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With a mission to create a set of universal goals that would help tackle the global economic, political, and environmental challenges we face, the Sustainable Development Goals (SDGs) were created at the 2012 United Nations Conference on Sustainable Development in Rio de Janeiro. As the successor of the Millennium Development Goals (MDGs), this new set aimed to tackle more than just the indignity of poverty. With this change, the previously eight MDGs turned into a total of 17 SDGs, with the High-Level Political Forum on Sustainable Development being the UN platform that regularly follows-up on and reviews these SDGs.
The challenges faced in today’s world cannot be tackled independently from each other, which is why all 17 SDGs are heavily integrated as action that takes place in one area, such as poverty, is sure to affect the outcomes in others, such as education, inequalities, hunger and so on. As a global society, there has been a visible shift to become more sustainable, however there is still a long way to go.
Now living in an ecologically conscious world, it is crucial for businesses and organizations to consider sustainability from conception. The core values and culture of your corporation need to align with the SDGs, as they provide a guideline on how to implement sustainable action and deal with customers, employees, and stakeholders. Seeing as it is almost unattainable for one company to effectively work towards all 17 goals, there is a need to select those that fall in line with the company’s mission and vision, and work towards the selected few. These goals need to be embedded into the business’ core values. In the case that a business’ purpose or values do not reflect the SDGs or if they do so insufficiently, these two elements need to be redefined.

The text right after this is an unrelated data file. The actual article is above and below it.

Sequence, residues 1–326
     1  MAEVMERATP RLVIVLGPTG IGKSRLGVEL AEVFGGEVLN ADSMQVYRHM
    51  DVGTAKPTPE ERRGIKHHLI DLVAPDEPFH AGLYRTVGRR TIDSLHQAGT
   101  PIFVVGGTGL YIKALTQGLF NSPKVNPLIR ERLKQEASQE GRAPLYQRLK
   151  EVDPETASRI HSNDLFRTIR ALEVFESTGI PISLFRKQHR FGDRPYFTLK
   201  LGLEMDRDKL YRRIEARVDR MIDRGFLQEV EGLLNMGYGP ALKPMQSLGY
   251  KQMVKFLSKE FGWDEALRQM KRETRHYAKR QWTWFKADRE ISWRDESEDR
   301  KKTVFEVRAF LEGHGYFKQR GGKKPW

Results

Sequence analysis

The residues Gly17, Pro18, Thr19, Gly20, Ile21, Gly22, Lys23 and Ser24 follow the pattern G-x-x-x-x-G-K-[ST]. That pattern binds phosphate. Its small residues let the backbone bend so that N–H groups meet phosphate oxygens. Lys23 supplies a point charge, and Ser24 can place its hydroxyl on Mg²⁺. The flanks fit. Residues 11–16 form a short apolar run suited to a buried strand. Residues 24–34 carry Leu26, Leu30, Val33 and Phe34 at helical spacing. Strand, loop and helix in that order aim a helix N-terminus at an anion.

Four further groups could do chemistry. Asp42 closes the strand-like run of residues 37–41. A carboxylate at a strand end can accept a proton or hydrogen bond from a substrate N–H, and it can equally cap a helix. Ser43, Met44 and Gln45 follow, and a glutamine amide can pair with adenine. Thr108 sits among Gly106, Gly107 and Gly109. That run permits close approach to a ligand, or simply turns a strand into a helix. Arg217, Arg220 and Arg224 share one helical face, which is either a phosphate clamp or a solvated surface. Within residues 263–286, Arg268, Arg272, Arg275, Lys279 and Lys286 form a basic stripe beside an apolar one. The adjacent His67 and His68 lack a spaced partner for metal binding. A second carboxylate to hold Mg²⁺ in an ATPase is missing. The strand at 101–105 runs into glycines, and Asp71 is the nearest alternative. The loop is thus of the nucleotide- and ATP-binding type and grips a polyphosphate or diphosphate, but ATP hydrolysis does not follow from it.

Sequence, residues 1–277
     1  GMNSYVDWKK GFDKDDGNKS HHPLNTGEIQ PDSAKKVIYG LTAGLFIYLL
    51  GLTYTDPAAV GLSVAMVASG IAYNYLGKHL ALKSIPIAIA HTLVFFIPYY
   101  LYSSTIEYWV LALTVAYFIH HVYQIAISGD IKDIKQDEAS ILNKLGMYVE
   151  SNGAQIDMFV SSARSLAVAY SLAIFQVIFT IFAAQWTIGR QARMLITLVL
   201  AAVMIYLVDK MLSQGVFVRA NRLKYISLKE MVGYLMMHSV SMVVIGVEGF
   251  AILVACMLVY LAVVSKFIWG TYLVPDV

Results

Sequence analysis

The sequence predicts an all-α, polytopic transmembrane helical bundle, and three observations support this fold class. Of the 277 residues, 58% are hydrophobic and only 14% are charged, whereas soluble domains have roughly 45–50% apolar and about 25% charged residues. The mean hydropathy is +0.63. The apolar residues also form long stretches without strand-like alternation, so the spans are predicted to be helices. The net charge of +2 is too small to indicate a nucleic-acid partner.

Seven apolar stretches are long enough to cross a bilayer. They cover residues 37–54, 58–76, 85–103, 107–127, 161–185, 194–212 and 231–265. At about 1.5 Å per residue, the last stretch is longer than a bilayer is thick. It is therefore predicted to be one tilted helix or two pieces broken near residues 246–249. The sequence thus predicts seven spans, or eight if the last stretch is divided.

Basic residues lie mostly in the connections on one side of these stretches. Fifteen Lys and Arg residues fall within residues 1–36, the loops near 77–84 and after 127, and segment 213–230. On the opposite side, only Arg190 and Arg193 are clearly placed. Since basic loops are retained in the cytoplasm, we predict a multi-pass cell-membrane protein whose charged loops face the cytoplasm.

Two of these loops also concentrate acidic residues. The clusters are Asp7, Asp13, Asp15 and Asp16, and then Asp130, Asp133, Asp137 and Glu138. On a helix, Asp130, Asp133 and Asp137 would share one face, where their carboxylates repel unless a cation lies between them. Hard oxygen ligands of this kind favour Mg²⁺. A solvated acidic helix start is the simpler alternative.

One may ask why there is a need for redefining. This is simply because variables such as consumers, investors, employees, and opportunities all determine the success of a business. In today’s world, these factors are based on or make sustainable decisions. Therefore, with consumers for example, if they choose to only associate with or buy from sustainable businesses, those that are not will naturally have to adapt to sustainability in order to keep up with the demands of the consumer. This will be the same case with investors who only want to invest in sustainable businesses, employees that only want to work for sustainable businesses, and opportunities that will only be offered to businesses that are sustainable.
It is not good enough, however, to just incorporate the SDGs into the core of your business. There needs to be a regular assessment of your sustainability journey to ensure that you are working towards it at the best of your ability.
By having a problem-response system, you make it easier for your business or organization to tackle any sustainable issues at hand. When you ensure that you have a response, or create a new one, to the problems that you face, you are able to move towards a more sustainable way of doing business.
An example of this would be how in some sustainable hospitals, sterilization wraps are recycled. After use, they are collected and sent to the social industry where people with a disability are fairly paid to clean the wraps. At this point they do not contain any hazardous products. Those people have the job of cleaning the wraps, plying them, and stacking them to make them recycle-ready. The recycled wraps are then extruded, cleaned, granulated and ready to be used to make new products. Having a response like this to the problem of (hazardous) waste contributes to several SDGs such as decent work and economic growth, responsible consumption and production, sustainable cities and communities, peace, justice and strong institutions, climate actions and many more.
It is crucial for us as a global community to work towards being more sustainable, and big businesses, organizations and institutions play an important role in this process.